Both sides lost early wickets in their respective innings, but Australia's bowling unit was able to restrict the West Indies to 133, chased down in just over 30 overs off the back of Rachael Haynes' 83*.
West Indies captain Stafanie Taylor won the toss and elected to bat, however, the number four batter made her way to the middle of Basin Reserve in Wellington earlier than expected after the side lost two quick wickets in the second over of the day.
Deandra Dottin and Hayley Matthews walked to the crease as the West Indies' opening pair and took two runs from the opening Megan Schutt over.
In Ellyse Perry's first over, she bowled two wides before getting the early breakthrough, first removing Matthews (zero from four) with the ball crashing into the top of off-stump. The veteran struck again the very next ball as Kycia Knight (zero from one) caught an outside edge, the ball becoming safely nestled in the gloves of wicketkeeper Alyssa Healy, the West Indies falling to 2/4 after 1.3 overs.
The hat-trick ball didn't yield a wicket, with Taylor flicking a full toss to the off-side to get off the mark with three runs, beginning what would become a 30-run partnership between her and Dottin, one that was littered with second chances too.
In the fifth over, Dottin was given out LBW off a Schutt full-toss, with the batter missing an attempted shot towards mid-wicket. However, on review, a minimal spike showed up as the ball went past the bat, leading to Dottin receiving a lifeline - one she took on as she hit a four behind square leg two balls later.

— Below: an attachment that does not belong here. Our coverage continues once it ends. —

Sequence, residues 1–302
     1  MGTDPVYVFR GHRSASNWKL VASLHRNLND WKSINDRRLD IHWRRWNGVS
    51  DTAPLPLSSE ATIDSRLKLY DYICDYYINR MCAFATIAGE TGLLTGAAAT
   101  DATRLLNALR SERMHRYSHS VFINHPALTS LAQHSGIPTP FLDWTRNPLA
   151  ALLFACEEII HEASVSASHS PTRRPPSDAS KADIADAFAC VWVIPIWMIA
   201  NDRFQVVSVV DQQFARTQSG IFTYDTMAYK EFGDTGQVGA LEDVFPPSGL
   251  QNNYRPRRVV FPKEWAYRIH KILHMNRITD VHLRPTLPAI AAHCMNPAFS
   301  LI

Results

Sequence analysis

The next over, as Perry continued from the other end, Taylor was given out LBW, unable to judge a yorker, the ball hitting her back leg. Taylor reviewed, and despite walking off and accepting her fate after seeing the replays, had to walk back after ball tracking showed the ball missing down the leg side, with the decision overturned.
The runs started drying up for the West Indies with Schutt and Perry continuing their respective spells at either end of the ground, and the pressure continued to mount as Perry found another breakthrough, claiming the wicket of Dottin (16 from 36), slashing at a wide delivery that caught an edge to a diving Meg Lanning at first slip as the 10-over powerplay wrapped up.
The first over back after the powerplay saw Australia make its first bowling change, bringing Tahlia McGrath in for Schutt, with it ending up being an expensive one, 10 runs coming off it as Taylor found good connection between bat and ball.